It is still unclear whether and how this overcharge directly affects Texas electricity customers, however many power companies have taken a significant financial hit.
In Texas, wholesale power prices are determined by supply and demand: When demand is high, ERCOT allows prices to go up. During the storm, the PUC directed the grid operator to set wholesale power prices at $9,000 per megawatt-hour — the maximum price. Raising prices is intended to incentivize power generators in the state to add more power to the grid. Companies then buy power from the wholesale market to deliver to consumers, which they are contractually obligated to do.
But extended freezing weather made that impossible because it knocked a large portion of the state’s electricity generation offline.
ERCOT maintained its highest level of emergency alert until the morning of Feb. 19 — five days after the storm initially struck the state — a signal to the market that the power grid was still unstable, which kept prices high.
“What we’re discussing here is whether or not we want to go back and change the rules of the game after the game’s been played,” said state Rep. Chris Paddie, R-Marshall, chair of the House Affairs committee.
Speaking to the committee Thursday, D’Andrea pushed back against officials who earlier this week wrote in a letter calling for D’Andrea to change his mind about retroactively reducing the market price for power.
“I think they're relying on wrong information given by the independent market monitor,” D’Andrea said of Patrick and state senators who urged a reversal.
Magness, the outgoing ERCOT CEO, testified before the Senate Jurisprudence Committee on Thursday that when the grid operator came out of emergency conditions, and power supply appeared to be able to meet demand, he and the PUC decided to keep prices high for fear of losing generation again and plunging back into outages.
He was concerned with projections of high demand on Feb. 19, the risk of generators tripping offline again, the physical damage to power infrastructure after the storm, and the large industrial plants re-starting that demand a significant amount of power.
He and the PUC — disagreeing with the independent grid monitor — decided that in the interest of public safety, prices needed to be kept at the articifical cap. Natural gas prices were still extremely high, he said, and they worried the natural market price for power would not be adequate to incentivize power generators to continue to buy the high-priced fuel that week. He feared telling people across the state the emergency was over — and then plunging people back into the dark again.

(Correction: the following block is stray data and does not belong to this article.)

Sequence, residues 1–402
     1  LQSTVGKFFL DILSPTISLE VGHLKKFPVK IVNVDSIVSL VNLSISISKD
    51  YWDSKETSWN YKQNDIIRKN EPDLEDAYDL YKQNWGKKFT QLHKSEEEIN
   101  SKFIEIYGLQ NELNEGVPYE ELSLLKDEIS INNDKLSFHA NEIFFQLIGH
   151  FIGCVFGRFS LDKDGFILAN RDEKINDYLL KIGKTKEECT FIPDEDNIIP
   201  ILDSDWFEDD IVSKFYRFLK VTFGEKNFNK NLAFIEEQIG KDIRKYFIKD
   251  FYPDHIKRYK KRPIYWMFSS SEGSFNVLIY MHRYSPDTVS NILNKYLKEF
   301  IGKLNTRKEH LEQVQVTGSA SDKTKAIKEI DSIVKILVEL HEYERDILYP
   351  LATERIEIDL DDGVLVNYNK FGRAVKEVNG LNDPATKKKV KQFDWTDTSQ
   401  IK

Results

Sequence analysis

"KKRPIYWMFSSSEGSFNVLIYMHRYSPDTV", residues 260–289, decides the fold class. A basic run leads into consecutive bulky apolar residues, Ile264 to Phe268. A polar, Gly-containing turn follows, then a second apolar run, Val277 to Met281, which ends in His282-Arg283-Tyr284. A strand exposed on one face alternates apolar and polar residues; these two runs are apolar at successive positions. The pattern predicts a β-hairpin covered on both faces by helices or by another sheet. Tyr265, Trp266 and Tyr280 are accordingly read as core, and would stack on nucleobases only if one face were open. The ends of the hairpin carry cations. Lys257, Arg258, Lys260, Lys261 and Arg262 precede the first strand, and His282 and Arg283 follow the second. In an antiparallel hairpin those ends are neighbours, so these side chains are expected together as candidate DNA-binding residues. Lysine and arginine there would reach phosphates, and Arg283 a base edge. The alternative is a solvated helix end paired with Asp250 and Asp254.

“We needed to maintain integrity of the system in any way we possibly could,” Magness said. “It was a judgment call.”
D’Andrea said the electricity market from the week of the storm has been settled and the participants in that market operated under the rules set by ERCOT and the state. Already, some Texas consumers and companies such as Brazos Electric Power Cooperative have already been hit financially. D'Andrea said retroactively adjusting the market would lead to unforeseen problems.
“We know who's hurt, let's address that,” D’Andrea. "Instead of making a huge mess that we can't foresee, and losing twice, let’s just stick with the status quo.”
Erin Douglas contributed to this story.
This article originally appeared in The Texas Tribune at https://www.texastribune.org/2021/03/11/ercot-texas-overcharge-16-billion/.
The Texas Tribune is a member-supported, nonpartisan newsroom informing and engaging Texans on state politics and policy. Learn more at texastribune.org.